A digressive but impassioned mash note to a film that defies easy summary.



A personal meditation on Andrei Tarkovsky’s 1979 film Stalker—though, this being a Dyer (Otherwise Known as the Human Condition, 2011, etc.) book, it’s about plenty more besides.

Stalker is a relatively obscure entry in Russian director Tarkovsky’s oeuvre, but it’s exceedingly receptive to critical analysis. The film follows three archetypes—Writer, Professor and Stalker—in a mysterious and heavily guarded wilderness as they ponder the meaning of life. Dyer doesn’t provide a critical analysis of the film so much as a scene-by-scene walkthrough of it, just to see where it takes him—which is pretty far. He riffs on The Last of the Mohicans, Chernobyl, his affinity for particular brands of knapsack, the effect of aging on one's enthusiasm for cultural consumption, and more. At his most far-flung, he recalls his squandered opportunities for ménages à trois. Such digressions are vintage Dyer: Inserted as footnotes or parentheticals, they sometimes go on for so long that it can be hard to recall the scene in the movie that prompted the comment in the first place. He delivers a few too many hokey puns, and he sometimes overreaches to argue for the film’s ongoing influence. (A claim that the film works as a 9/11 allegory is particularly forced.) The lack of a strong thesis is frustrating, and ultimately this is a lesser Dyer book. However, it gets over on his enthusiasm for the film and on his infectious admiration of Tarkovsky’s philosophical reach. The “room” at the center of Stalker represents our need to locate our deepest desires, Dyer explains, and in that context maybe talking about those failed three-ways was necessary after all.

A digressive but impassioned mash note to a film that defies easy summary.

Pub Date: Feb. 21, 2012

ISBN: 978-0-307-37738-8

Page Count: 192

Publisher: Pantheon

Review Posted Online: Jan. 9, 2012

Kirkus Reviews Issue: Jan. 15, 2012

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Stricter than, say, Bergen Evans or W3 ("disinterested" means impartial — period), Strunk is in the last analysis...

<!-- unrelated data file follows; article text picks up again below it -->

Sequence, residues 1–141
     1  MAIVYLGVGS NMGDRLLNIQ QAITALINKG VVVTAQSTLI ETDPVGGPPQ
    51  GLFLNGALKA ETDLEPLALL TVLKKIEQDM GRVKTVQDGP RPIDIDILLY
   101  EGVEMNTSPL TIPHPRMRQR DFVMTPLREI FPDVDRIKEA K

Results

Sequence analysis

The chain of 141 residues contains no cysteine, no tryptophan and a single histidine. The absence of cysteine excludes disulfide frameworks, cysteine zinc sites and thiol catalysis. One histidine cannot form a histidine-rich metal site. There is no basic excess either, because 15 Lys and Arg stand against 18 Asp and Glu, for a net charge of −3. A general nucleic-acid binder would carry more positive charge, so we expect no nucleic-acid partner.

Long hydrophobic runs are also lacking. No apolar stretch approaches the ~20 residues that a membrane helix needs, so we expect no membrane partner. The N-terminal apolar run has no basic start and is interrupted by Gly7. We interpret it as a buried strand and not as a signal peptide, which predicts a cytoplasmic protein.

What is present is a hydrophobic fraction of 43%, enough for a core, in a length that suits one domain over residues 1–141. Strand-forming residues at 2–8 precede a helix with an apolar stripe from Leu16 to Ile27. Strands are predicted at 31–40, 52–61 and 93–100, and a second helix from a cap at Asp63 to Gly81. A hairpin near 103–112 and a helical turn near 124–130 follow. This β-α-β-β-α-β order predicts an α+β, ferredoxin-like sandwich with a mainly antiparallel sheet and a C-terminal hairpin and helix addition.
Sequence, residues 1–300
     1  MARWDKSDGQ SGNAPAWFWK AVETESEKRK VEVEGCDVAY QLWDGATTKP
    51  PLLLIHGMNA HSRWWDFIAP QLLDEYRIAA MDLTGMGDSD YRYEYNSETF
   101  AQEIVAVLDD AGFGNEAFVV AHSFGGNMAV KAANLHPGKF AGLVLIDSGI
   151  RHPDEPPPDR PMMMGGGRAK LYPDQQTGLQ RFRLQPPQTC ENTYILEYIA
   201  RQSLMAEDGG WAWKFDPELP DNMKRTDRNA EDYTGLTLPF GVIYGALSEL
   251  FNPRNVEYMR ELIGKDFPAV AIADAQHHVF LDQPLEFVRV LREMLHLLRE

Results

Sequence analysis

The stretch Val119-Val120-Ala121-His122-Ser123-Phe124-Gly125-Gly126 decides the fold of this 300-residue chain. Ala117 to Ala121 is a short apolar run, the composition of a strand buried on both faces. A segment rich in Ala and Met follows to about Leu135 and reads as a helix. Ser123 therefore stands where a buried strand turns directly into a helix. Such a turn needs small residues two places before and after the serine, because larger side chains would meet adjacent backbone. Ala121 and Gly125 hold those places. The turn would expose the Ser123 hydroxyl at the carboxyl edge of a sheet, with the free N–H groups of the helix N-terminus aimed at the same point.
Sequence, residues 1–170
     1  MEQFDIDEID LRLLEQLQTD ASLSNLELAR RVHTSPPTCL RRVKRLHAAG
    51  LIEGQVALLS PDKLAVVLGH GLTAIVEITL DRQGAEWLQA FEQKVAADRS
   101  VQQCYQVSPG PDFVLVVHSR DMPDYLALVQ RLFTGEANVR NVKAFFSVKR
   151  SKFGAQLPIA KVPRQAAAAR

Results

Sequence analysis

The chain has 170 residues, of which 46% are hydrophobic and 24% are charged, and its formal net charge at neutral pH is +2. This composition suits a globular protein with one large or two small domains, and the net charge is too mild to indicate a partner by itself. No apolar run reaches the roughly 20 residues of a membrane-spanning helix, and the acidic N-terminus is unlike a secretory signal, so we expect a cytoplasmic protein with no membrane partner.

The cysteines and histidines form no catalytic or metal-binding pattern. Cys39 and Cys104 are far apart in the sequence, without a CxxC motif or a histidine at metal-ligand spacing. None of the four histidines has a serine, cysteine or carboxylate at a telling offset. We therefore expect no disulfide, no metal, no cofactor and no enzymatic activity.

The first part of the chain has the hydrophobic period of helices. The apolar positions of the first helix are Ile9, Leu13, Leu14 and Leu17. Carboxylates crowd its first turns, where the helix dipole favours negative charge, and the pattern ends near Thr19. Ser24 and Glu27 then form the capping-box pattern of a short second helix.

Privately published by Strunk of Cornell in 1918 and revised by his student E. B. White in 1959, that "little book" is back again with more White updatings.

Stricter than, say, Bergen Evans or W3 ("disinterested" means impartial — period), Strunk is in the last analysis (whoops — "A bankrupt expression") a unique guide (which means "without like or equal").

Pub Date: May 15, 1972

ISBN: 0205632645

Page Count: 105

Publisher: Macmillan

Review Posted Online: Oct. 28, 2011

Kirkus Reviews Issue: May 1, 1972

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Noted jazz and pop record producer Thiele offers a chatty autobiography. Aided by record-business colleague Golden, Thiele traces his career from his start as a ``pubescent, novice jazz record producer'' in the 1940s through the '50s, when he headed Coral, Dot, and Roulette Records, and the '60s, when he worked for ABC and ran the famous Impulse! jazz label. At Coral, Thiele championed the work of ``hillbilly'' singer Buddy Holly, although the only sessions he produced with Holly were marred by saccharine strings. The producer specialized in more mainstream popsters like the irrepressibly perky Teresa Brewer (who later became his fourth wife) and the bubble-machine muzak-meister Lawrence Welk. At Dot, Thiele was instrumental in recording Jack Kerouac's famous beat- generation ramblings to jazz accompaniment (recordings that Dot's president found ``pornographic''), while also overseeing a steady stream of pop hits. He then moved to the Mafia-controlled Roulette label, where he observed the ``silk-suited, pinky-ringed'' entourage who frequented the label's offices. Incredibly, however, Thiele remembers the famously hard-nosed Morris Levy, who ran the label and was eventually convicted of extortion, as ``one of the kindest, most warm-hearted, and classiest music men I have ever known.'' At ABC/Impulse!, Thiele oversaw the classic recordings of John Coltrane, although he is the first to admit that Coltrane essentially produced his own sessions. Like many producers of the day, Thiele participated in the ownership of publishing rights to some of the songs he recorded; he makes no apology for this practice, which he calls ``entirely appropriate and without any ethical conflicts.'' A pleasant, if not exactly riveting, memoir that will be of most interest to those with a thirst for cocktail-hour stories of the record biz. (25 halftones, not seen)

Pub Date: May 1, 1995

ISBN: 0-19-508629-4

Page Count: 224

Publisher: Oxford Univ.

Review Posted Online: May 20, 2010

Kirkus Reviews Issue: March 1, 1995

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